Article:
reply from: B0zo

A lot of species have come and gone even before man was on the scene. And they will continue to do so.
And I don't buy that we have "global warming," though I give Al Gore a lot of credit for being smart enough to milk his scam for all its worth and make big bucks for himself.
So did nature goof by allowing man to dominate?

reply from: Banned Member

http://us1.harunyahya.com/Detail/T/EDCRFV/productId/16272/APE-HUMAN_GENETIC-SIMILARITY_FALSEHOOD,_THE
Drawing up the human gene map within the framework of the Human Genome project was a major scientific development. However, evolutionist publications have distorted a number of the project's results. It is claimed that the genes of chimpanzees and humans bear a 98% similarity and assumed that this shows their closeness, which is used as evidence for the theory of evolution.
However, this is in fact a false proof that evolutionists exploit by making use of society's lack of information on the subject.
First of all, the concept so frequently touted by evolutionists - that 98% similarity between human and chimpanzee DNA - is a deceptive one. In order to claim that the genetic structures of human beings and chimpanzees bear a 98% similarity, the entire chimpanzee genetic code would have to be mapped, in the way the human one has. Then the two would have to be compared, to obtain the results. Yet no such results are yet available: While the human genetic map has been completed, the chimpanzee equivalent has not.
In fact, the "98% similarity between human and ape genes" slogan was deliberately produced for propaganda purposes many years ago. This "similarity" is a highly exaggerated generalization, based on a similarity in the amino acid sequences in between 30 and 40 of the basic proteins present in man and ape.
Sequence analysis of the DNA strings corresponding to these proteins was performed using a method known as "DNA hybridization." and only these limited proteins were compared.
Yet there are around 30,000 genes in human beings and these genes encode some 200,000 proteins. There is thus no scientific justification for claiming, on the basis of a similarity in 40 proteins out of 200,000, any 98% resemblance between human and ape genetics.
The DNA comparison of those 40 proteins is also questionable. Two biologists named Charles Sibley and Jon Edward Ahlquist carried out the comparison in 1987 and published the results in the Journal of Molecular Evolution.31 However, another scientist by the name of Sarich examined their data and concluded that they'd used a method of questionable reliability and had exaggeratedly interpreted the data.32
Basic proteins are essential molecules commonly found in many other living things. The structures of the proteins in all living things, not just of chimpanzees, bear a close similarity to those of proteins in human beings.
For example, genetic analyses reported in New Scientist revealed a 75% similarity between the DNA of nematodes (millimeter-long worms that dwell in the soil) and humans!33 This, of course, does not imply that there is only a 25% difference between human beings and nematodes.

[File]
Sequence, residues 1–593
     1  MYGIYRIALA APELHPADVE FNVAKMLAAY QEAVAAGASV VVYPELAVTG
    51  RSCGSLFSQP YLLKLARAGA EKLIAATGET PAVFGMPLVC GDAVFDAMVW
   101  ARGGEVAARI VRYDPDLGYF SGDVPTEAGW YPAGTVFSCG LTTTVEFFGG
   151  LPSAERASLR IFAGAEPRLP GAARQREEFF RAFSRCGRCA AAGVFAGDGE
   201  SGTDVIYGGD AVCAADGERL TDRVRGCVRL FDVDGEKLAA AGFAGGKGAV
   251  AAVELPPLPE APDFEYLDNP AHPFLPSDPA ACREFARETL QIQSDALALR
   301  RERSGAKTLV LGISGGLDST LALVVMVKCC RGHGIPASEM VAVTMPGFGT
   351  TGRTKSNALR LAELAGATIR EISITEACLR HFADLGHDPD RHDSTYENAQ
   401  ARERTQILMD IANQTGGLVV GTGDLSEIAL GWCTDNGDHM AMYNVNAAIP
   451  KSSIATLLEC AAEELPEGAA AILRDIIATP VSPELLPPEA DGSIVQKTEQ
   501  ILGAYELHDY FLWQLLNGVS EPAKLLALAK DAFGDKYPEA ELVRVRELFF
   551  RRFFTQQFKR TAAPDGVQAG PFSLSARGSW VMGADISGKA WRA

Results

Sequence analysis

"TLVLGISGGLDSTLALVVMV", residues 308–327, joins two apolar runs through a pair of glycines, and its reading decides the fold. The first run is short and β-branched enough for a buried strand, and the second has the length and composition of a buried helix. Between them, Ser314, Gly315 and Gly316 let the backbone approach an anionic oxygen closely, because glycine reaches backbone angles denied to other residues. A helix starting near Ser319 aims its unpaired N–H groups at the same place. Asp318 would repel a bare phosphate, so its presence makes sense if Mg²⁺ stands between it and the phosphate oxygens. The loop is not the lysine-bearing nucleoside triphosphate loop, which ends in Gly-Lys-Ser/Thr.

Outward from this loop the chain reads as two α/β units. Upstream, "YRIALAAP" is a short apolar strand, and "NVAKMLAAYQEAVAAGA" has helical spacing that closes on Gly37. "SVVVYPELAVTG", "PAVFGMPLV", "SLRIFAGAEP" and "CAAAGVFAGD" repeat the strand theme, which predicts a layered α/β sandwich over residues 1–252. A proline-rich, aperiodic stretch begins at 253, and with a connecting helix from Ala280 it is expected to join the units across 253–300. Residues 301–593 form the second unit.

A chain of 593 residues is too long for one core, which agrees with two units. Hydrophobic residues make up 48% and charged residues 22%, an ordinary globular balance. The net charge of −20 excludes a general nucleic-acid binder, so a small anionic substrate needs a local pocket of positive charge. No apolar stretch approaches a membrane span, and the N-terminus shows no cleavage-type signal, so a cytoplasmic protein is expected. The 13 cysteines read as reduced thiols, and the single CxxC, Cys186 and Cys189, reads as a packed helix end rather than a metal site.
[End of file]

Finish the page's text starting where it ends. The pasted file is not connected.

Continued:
When the genes of the fruit fly species Drosophila were compared with human genes, a 60% similarity was determined.34
Analyses of some proteins seem to show that man is actually closer to very different living things. In one study performed at Cambridge University, certain proteins in terrestrial organisms were compared. Astonishingly, in almost all the specimens involved, human beings and chickens were found to bear the closest relationship to one another. Our next closest relative is the lizard.35
Another example used by evolutionists with regard to the so-called "genetic similarity between man and ape" is that there are 46 chromosomes in human beings and 48 in gorillas. Evolutionists assume that chromosome numbers are an indication of an evolutionary relationship. But in fact, if this logic employed by evolutionists were valid, then man would have a much closer relative than the chimpanzee - the potato! Both human beings and potatoes have exactly the same number of chromosomes: 46.
These examples demonstrate that the concept of genetic similarity constitutes no evidence for the theory of evolution. Not only are the genetic similarities incompatible with the evolutionary family tree proposed, but they actually provide totally conflicting results.
In addition, the similarities discovered are actually evidence for creation rather than for evolution. It is perfectly natural for the bodies of humans and other living things to exhibit molecular similarities, because all living things are made up of the same molecules, use the same water and atmosphere, and consume foods made up of the same molecules. Naturally, their metabolisms - and thus, their genetic structures - will tend to resemble one another. However, this is no evidence that they evolved from a common ancestor.
Another example will help elucidate this: All the buildings in the world are constructed from similar materials - bricks, iron, cement, and so forth. But this does not imply that these buildings evolved from one another. They were built independently, using common materials. The same principle applies to living things.